The USDA already offers billions of dollars in loans and loan guarantees each year for agricultural producers, small businesses and rural industries, but these are mainly geared toward subsidizing continued production. The Farm Service Agency (FSA) and Rural Development agency (RD), for example, provide financing to ensure production and economic growth in rural communities. These are important programs for agricultural producers to fund their operations, and they can encourage better water and soil conservation and other climate-friendly farming practices. And while USDA programs like the Business and Industry Loan Guaranteed Program do provide some funding for food and agriculture manufacturing (roughly $250 million for food manufacturing over the past decade), funding is limited to projects that benefit rural economic growth. 

What the USDA needs is its own Loan Programs Office to coordinate funding to develop breakthrough technologies and innovations normally avoided by risk-averse investors and corporations. Alternative proteins, for example, would greatly benefit from public funding. The industry has grown immensely in the past few years, but the most exciting technologies — like real meat grown from animal cells in factories, often referred to as cell-cultured or cultivated meat — remain difficult to commercialize at scale. 

“The solution to the problems of modern agriculture is not to rewind history.”

Like electric vehicles in the late 2000s, alternative proteins remain more expensive than ordinary pork or chicken. The industry is restricted by a lack of manufacturing capacity, the difficulty of commercializing novel products and cultural attitudes that favor slaughter-based meats over alternatives. While companies like Impossible Foods, Beyond Meat and others have found mixed success in the production and sale of plant-based meats, producing them is more similar to veggie burgers than to game-changing meat imitations capable of shifting demand for conventional meat. To approach the sophisticated supply chains and manufacturing facilities needed to remake meat in a way that can attract consumers in the U.S. and around the world, the industry will need public investment in the form of loans, infrastructure development and broader network support. 

Alternative meats emit far fewer emissions than conventional livestock products, need far less land and don’t require the slaughter of sentient beings, to name a few benefits. When accounting for emissions associated with land use, cultivated meat is 95% less emissions-intensive than beef and around 60% less than pork and chicken. Plant-based meats emit even less.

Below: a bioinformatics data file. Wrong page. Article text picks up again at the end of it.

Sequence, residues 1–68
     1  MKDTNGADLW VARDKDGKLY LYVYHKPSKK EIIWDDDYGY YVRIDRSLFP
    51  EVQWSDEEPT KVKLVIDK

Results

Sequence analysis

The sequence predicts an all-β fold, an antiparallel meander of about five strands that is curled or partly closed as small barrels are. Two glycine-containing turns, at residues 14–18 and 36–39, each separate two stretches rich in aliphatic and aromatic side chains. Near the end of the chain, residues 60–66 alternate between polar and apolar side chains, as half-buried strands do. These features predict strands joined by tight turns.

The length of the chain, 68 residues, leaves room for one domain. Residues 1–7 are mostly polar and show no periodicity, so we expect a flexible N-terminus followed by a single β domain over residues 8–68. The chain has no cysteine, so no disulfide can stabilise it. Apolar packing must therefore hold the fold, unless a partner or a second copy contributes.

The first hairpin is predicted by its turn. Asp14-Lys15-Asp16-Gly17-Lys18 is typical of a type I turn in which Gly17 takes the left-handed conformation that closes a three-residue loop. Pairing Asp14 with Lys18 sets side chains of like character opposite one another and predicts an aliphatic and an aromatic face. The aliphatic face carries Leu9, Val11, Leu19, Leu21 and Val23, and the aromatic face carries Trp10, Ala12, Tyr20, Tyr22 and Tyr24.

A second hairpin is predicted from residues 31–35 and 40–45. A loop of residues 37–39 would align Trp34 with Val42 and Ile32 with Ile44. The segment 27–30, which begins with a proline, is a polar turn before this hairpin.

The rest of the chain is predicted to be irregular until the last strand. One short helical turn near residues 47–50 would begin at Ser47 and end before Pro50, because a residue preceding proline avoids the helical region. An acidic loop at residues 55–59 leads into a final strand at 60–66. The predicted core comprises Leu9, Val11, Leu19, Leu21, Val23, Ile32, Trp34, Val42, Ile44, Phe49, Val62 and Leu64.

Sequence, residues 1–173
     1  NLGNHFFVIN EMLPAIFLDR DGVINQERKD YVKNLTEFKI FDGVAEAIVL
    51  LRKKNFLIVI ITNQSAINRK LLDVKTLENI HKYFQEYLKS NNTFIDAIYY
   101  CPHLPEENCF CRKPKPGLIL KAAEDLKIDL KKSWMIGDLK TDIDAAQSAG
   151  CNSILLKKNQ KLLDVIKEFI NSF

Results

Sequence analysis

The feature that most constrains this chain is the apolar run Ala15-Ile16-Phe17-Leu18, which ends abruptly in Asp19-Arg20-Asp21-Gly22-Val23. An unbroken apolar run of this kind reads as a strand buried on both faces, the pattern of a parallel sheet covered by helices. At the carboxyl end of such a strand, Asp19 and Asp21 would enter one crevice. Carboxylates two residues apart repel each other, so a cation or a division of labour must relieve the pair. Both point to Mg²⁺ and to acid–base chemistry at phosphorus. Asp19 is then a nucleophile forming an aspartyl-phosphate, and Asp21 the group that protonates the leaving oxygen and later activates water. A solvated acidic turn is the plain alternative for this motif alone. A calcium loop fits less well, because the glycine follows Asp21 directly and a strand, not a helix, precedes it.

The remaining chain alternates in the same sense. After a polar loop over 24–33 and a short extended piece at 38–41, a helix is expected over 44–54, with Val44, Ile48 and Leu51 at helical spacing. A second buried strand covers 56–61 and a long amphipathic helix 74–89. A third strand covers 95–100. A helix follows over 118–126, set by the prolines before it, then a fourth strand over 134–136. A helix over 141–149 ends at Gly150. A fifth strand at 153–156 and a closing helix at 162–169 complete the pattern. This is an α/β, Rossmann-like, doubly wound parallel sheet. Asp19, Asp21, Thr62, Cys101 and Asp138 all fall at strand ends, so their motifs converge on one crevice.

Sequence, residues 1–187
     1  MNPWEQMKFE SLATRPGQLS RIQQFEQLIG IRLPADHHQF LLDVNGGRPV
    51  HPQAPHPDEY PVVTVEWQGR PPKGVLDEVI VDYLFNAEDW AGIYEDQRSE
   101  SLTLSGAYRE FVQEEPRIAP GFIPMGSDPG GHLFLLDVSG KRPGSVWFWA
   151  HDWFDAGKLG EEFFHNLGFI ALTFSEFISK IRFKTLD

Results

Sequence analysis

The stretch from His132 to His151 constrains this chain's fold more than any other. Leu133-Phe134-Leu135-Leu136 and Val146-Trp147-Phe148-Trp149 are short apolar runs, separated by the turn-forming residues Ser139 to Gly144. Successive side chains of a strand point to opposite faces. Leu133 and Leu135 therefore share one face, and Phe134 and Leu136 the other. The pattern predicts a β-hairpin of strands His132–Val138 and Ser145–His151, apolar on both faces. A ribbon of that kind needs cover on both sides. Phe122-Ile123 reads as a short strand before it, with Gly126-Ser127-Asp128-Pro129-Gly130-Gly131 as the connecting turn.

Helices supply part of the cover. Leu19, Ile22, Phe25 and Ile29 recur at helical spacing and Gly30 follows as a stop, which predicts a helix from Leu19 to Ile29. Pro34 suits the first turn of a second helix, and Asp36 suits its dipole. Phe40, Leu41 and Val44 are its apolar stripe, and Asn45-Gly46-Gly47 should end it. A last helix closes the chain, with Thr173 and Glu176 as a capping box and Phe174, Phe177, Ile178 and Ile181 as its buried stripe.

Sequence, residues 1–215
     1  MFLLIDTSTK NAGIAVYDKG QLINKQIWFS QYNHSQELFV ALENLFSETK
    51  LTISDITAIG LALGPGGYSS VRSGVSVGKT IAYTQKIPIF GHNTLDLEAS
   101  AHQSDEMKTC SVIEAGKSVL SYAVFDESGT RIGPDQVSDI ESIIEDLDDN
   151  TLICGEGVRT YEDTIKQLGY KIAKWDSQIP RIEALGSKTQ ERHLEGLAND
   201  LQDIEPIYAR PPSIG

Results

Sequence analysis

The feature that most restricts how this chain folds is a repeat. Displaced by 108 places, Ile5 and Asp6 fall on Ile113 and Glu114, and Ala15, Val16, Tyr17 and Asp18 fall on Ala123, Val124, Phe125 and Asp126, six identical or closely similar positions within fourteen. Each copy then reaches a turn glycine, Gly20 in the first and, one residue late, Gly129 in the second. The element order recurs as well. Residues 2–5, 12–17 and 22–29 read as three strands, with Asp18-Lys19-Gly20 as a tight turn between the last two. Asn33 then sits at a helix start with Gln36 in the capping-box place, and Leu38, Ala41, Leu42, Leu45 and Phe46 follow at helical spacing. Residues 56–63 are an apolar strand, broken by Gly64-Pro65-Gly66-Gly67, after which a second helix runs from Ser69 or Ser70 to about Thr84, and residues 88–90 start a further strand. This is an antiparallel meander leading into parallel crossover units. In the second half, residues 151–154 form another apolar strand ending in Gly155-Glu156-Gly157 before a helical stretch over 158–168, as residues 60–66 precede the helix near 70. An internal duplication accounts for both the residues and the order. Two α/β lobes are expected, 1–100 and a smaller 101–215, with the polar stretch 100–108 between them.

Of course, simply providing loans may not be enough to ensure Beyond Meat — or related companies working on everything from cell-cultured salmon or hybrid sausages with plant-based protein and cell-cultured pork fat — grows like Tesla. But, just as the Department of Energy has focused on supporting sub-industries like battery technologies for electric vehicles, so too can the USDA fund and support the development of an alternative protein ecosystem with necessary research investment, scale-up funding for ingredient producers and workforce development. 

A USDA loan office could fund much more than alternative meat. According to the Environmental Protection Agency, nitrous oxide emissions from the application of both synthetic and organic fertilizers on cropland make up about 15% of U.S. agricultural emissions. There are numerous technological solutions to the problem — like Pivot Bio’s microbial fertilizer, which uses biotechnology to add plant-accessible nitrogen to soil — but none are cheap enough for farmers to shift from preexisting synthetic or organic fertilizer uses. 

The Department of Energy has already funded projects related to clean ammonia production — a key component of synthetic nitrogen fertilizer — but with a focus on electricity generation. The USDA could join this effort and fund technologies or companies that seek to produce green ammonia to be used in agricultural production. For example, modular electrochemical ammonia production powered by wind turbines — a technology pioneered by companies like Jupiter Ionics — could allow regional production of synthetic fertilizer, potentially reducing input prices for farmers and lowering fossil fuel emissions from fertilizer production.